Thursday, July 18, 2024

Cambridge’s newly released economic impact study on bike lanes give us two key pieces of information, one old, one new:

  • What we already knew: If you ask business owners, many are concerned about bike lanes and claim they affect revenue.
  • What’s new: Objective measures show no meaningful economic differences between streets with and without recently built bike lanes.

The study included three objective measures: employment trends, and commercial property rents and vacancies. Separated bike lanes didn’t affect any of these. As the study summarizes:

  • “There was generally little difference in employment trends between treatment and control corridors during the relevant time periods before and after bike facility construction.”
  • “Differences in commercial property [rents or vacancies] within corridors and between time periods, or between treatment and control corridors, are not substantial and may vary by location.”

This pattern, with businesses’ worries and complaints not aligning with objective evidence, is something we’ve seen before in Cambridge’s history and in other cities.

Past public health fights in Cambridge

Separated bike lanes are a public health measure: based on separate research by the Federal Highway Administration and city staff, Cambridge’s new separated bike lanes cut crash rates by as much as 50 percent and significantly reduced the severity of injuries. There’s another proven public health measure that was unpopular with Cambridge businesses when first introduced: banning indoor smoking.

Many restaurant and bar owners spent years fighting against this ban, including in 1994 and 2003. The latter article quotes Joe Sater, one of the owners of the Middle East club: “I don’t think we can live through this experiment. If you look at Brookline, where smokers congregated in the clubs, nightlife doesn’t exist now that a smoking ban has been put into place.”

These dire predictions by businesses were wrong. Twenty years later, the Middle East has multiple shows this weekend and Cambridge and Brookline still have restaurants and bars, even though indoor smoking is still banned. And importantly, these businesses attracted customers who had previously avoided smoke-filled locations. All of us, and staff in particular, benefit from a reduction in secondhand smoke and nicotine exposure. Inhaling toxic smoke is no longer, as one bar owner claimed at the time, “part of the business.”

Bike lane installations in other cities

Returning to separated bike lanes, the pattern of businesses predicting significant damage that is then disproved by objective data is also found in other cities. Consider bike lanes installed in New York in 2017; as Streetsblog reports, businesses were not happy:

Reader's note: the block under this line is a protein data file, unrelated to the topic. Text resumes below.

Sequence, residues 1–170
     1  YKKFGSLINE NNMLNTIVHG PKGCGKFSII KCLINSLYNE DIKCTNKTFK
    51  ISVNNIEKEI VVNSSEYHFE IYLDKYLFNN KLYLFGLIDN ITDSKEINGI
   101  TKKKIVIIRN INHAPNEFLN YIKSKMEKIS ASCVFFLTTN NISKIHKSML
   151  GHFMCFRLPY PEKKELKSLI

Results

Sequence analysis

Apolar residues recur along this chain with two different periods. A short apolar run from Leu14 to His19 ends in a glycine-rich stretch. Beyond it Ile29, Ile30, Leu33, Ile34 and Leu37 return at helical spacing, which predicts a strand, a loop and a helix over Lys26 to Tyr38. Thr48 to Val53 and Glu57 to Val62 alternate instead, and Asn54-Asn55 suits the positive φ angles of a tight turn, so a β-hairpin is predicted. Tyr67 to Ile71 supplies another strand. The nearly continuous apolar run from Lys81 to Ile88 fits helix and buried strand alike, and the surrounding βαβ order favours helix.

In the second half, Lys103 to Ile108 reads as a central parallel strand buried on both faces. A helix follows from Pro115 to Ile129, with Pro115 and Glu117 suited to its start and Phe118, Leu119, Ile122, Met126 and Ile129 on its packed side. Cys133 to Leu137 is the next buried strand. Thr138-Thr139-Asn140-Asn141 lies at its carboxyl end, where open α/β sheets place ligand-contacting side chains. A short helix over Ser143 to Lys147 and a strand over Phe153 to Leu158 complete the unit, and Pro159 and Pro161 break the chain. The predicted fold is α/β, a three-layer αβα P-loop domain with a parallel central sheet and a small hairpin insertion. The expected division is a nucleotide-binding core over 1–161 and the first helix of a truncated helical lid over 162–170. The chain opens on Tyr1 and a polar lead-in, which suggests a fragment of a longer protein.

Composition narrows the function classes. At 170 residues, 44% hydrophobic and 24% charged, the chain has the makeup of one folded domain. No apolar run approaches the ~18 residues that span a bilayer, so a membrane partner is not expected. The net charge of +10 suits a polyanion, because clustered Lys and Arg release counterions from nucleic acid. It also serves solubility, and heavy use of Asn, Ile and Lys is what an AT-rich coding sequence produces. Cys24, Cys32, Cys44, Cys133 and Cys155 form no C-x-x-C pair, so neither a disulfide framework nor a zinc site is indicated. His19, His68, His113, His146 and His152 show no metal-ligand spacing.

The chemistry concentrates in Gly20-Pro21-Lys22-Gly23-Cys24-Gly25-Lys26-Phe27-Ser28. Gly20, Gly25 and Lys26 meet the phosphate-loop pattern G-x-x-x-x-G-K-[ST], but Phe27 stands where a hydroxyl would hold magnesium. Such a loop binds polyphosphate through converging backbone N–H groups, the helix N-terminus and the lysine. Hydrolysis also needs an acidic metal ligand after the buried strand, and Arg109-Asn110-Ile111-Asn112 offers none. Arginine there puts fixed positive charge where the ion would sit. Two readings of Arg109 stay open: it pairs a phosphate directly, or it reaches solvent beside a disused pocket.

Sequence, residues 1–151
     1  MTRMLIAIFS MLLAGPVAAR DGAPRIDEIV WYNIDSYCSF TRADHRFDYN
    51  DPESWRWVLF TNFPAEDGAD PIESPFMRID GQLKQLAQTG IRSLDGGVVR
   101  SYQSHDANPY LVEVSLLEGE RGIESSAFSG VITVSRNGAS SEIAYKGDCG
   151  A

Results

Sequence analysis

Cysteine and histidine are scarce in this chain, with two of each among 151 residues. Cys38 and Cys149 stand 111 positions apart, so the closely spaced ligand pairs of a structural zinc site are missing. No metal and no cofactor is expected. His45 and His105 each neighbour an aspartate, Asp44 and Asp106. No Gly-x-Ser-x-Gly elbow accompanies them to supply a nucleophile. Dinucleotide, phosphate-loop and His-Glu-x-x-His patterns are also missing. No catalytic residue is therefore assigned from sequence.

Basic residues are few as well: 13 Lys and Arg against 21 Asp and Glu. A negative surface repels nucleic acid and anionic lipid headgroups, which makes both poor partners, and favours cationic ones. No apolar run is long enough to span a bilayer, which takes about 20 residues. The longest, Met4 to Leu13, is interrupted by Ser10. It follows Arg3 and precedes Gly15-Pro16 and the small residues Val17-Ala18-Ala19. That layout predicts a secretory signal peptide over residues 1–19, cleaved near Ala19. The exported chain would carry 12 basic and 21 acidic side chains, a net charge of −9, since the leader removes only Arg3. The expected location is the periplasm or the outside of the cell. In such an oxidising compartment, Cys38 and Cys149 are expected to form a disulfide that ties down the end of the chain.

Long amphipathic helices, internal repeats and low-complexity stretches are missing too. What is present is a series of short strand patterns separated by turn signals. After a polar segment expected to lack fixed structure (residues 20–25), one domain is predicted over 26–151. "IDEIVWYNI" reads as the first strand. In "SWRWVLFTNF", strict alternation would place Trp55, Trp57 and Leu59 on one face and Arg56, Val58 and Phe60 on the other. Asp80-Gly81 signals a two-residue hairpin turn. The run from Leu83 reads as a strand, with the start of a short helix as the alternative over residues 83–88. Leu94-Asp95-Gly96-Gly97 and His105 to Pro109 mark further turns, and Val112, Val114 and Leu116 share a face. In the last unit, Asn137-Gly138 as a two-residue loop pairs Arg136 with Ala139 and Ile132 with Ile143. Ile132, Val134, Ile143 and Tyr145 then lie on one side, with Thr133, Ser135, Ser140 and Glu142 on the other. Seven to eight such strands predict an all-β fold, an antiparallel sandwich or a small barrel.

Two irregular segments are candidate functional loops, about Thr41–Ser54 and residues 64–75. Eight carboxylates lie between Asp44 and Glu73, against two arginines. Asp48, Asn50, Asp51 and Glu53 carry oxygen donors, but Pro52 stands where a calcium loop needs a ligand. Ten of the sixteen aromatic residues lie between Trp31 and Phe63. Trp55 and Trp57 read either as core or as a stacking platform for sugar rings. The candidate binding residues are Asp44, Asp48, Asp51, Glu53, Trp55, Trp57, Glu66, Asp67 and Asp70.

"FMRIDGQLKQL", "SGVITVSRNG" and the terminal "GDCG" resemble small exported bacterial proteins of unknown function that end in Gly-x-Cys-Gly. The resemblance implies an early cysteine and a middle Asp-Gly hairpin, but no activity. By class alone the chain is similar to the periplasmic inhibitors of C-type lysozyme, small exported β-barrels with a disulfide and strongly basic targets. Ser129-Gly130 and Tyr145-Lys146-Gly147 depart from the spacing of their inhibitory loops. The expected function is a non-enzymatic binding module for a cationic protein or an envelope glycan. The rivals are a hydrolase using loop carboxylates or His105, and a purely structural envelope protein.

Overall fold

“Protected bike lanes do not guarantee safer streets, but it will mean a loss of business,” Gary O’Neill, owner of the Aubergine Cafe on Skillman, said a few months later.

But when New York City looked at sales tax data, the opposite result emerged: Business was doing fine. This pattern repeated itself across many cities, from Toronto to Berlin, as businesses opposed bike lanes but objective data later showed that these fears were unwarranted.

We don’t need to fear change

As the owner of a small business, I know how nerve-wracking it is to be at the mercy of changes outside my control. But while restaurant and bar owners never wanted their customers and employees to suffer from the many health impacts of secondhand smoke, they let their fear of change override their better instincts. And as it turned out, these fears were unwarranted.

Just like banning indoor smoking, separated bike lanes are a critical, proven and necessary public health measure. And change is still scary, especially for businesses recovering from Covid disruptions. But the objective data, from cities around the world and from right here in Cambridge, shows that we don’t have to fear bike lanes’ economic impact.

In fact, people biking are great customers for small, local businesses: listen to these interviews of local shoppers and consider that no one is likely to bike from Cambridge to the Burlington Mall. The study itself found that at most 17 percent of intercepted customers arrived by car. While not an exact number, it does give a sense of scale, and realistically this number won’t be going up. On the other hand, Somerville is going to roll out a major network of separated bike lanes over the next six years and Boston is building more safe bike infrastructure, as are other neighboring towns. So we will see increasing numbers of shoppers who are able to safely bike to Cambridge stores.